How can InfoPath possibly know in advance what it needs to send to/receive from our selected method? Fortunately the geeks thought of this and invented an extremely boring language called Web Services Definition Language (or WSDL for short). All you need to know about WSDL is that apart from being a fantastic cure for insomnia if you ever read it, it provides a way for applications, like InfoPath, to find out what it needs to do, to interact with a particular method.

So, using the above web service again, we will actually ask the web service to tell InfoPath all about itself using WSDL by slightly changing the URL as illustrated below

http://radioactivenet/_vti_bin/UserProfileService.asmx?WSDL

Now, if you try that in a browser you see all sorts of XML crap :-)

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But don’t worry, you will never have to actually look at it again – InfoPath digs it – and that’s all you need to know.

InfoPath Data Sources and Data Connections

Now, it is time to actually get InfoPath to talk to this “UserProfileService” web service as described above.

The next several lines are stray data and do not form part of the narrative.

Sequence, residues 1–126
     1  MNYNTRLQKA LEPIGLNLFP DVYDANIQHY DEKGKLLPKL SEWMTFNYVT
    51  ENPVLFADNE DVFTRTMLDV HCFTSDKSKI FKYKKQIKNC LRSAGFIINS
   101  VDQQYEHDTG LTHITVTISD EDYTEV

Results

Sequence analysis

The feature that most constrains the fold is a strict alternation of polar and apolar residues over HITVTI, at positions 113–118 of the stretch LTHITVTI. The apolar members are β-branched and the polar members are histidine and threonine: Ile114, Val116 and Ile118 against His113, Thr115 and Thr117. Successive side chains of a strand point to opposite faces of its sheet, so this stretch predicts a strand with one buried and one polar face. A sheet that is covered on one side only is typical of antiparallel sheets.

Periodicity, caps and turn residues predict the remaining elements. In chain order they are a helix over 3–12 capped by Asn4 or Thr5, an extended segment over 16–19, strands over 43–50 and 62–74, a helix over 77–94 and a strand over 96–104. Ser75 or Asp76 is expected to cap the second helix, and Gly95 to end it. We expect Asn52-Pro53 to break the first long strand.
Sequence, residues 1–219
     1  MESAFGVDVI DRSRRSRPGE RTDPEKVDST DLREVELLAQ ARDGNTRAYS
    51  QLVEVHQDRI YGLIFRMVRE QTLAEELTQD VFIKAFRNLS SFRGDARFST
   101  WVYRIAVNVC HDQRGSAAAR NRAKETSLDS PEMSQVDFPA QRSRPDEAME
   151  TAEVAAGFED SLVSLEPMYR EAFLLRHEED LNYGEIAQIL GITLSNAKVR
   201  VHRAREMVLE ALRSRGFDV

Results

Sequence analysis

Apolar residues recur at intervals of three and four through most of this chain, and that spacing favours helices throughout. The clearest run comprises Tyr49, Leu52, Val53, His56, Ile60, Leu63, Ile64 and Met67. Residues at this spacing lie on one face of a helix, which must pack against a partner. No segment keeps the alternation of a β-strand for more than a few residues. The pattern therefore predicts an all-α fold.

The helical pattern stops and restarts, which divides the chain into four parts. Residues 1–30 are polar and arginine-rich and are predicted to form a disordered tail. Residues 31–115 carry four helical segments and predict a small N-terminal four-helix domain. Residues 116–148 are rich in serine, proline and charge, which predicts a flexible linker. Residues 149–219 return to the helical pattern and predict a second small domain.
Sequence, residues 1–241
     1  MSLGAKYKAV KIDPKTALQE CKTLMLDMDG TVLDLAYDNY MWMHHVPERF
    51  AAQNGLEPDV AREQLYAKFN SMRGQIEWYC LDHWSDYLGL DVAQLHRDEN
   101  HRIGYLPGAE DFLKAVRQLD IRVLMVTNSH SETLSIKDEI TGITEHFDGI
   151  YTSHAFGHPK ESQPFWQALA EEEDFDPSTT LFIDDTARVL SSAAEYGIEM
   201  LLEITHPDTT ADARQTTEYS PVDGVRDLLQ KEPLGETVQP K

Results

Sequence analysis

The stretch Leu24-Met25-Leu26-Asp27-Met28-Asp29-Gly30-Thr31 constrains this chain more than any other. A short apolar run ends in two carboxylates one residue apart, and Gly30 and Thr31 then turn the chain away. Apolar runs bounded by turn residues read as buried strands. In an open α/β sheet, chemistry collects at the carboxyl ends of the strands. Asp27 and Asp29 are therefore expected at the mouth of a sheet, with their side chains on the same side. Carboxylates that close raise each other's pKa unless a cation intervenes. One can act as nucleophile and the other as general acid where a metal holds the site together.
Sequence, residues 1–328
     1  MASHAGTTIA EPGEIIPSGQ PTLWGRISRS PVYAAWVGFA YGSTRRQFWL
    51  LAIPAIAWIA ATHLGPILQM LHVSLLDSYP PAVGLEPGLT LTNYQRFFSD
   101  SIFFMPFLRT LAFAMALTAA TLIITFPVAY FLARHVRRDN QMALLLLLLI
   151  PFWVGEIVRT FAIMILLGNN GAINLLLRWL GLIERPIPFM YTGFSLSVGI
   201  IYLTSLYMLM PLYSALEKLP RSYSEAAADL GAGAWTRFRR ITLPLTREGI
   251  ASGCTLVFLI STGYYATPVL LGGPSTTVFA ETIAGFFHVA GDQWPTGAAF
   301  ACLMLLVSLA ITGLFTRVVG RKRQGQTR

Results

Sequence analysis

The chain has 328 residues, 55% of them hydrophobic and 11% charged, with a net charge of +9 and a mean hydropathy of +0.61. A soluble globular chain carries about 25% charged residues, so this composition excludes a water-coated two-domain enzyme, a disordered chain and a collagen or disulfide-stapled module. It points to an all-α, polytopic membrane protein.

As I said, Web services is one several sources of data that InfoPath can access from. First up, we need to make a connection to a data source (imaginatively called Data Source connections).

From the tools menu, choose “Data Connections” and a dialog box asks you to some information about the sort of data connection that we want to use. We wish to receive Homer’s details from the web service, so we choose to receive data and choose “Web Service” as the source of our data.

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We are next asked for the URL of the web service. We pass it the URL of http://radioactivenet/_vti_bin/UserProfileService.asmx?WSDL

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Note: This really should be the exact sub-site where the InfoPath form was published to. So, if say, this form was to be published into a sub site called HR, then the URL would be http://radioactivenet/HR/_vti_bin/UserProfileService.asmx?WSDL.

Clicking NEXT and you are presented with the various methods that this web service provides. The method that we are going to use is “GetUserProfileByName”. We choose it and click “Next”.

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At this point, we really start diving deep into talking to web services. InfoPath examines the details of this method by looking at the WSDL information. It determines that this particular method (GetUserProfileByName) expects a parameter to be passed to it called “AccountName”. We are prompted to supply a value for “AccountName”. Fortunately for us, if we do not supply a parameter here, then the web service will use the account name of the currently logged in user! This is exactly what we want. This method will automatically use the username of the current person without us having to manually specify it.

Thus, we can leave this screen as is and click NEXT. The final message asks if we wish to connect to the web service now to retrieve data, but in this case we do not.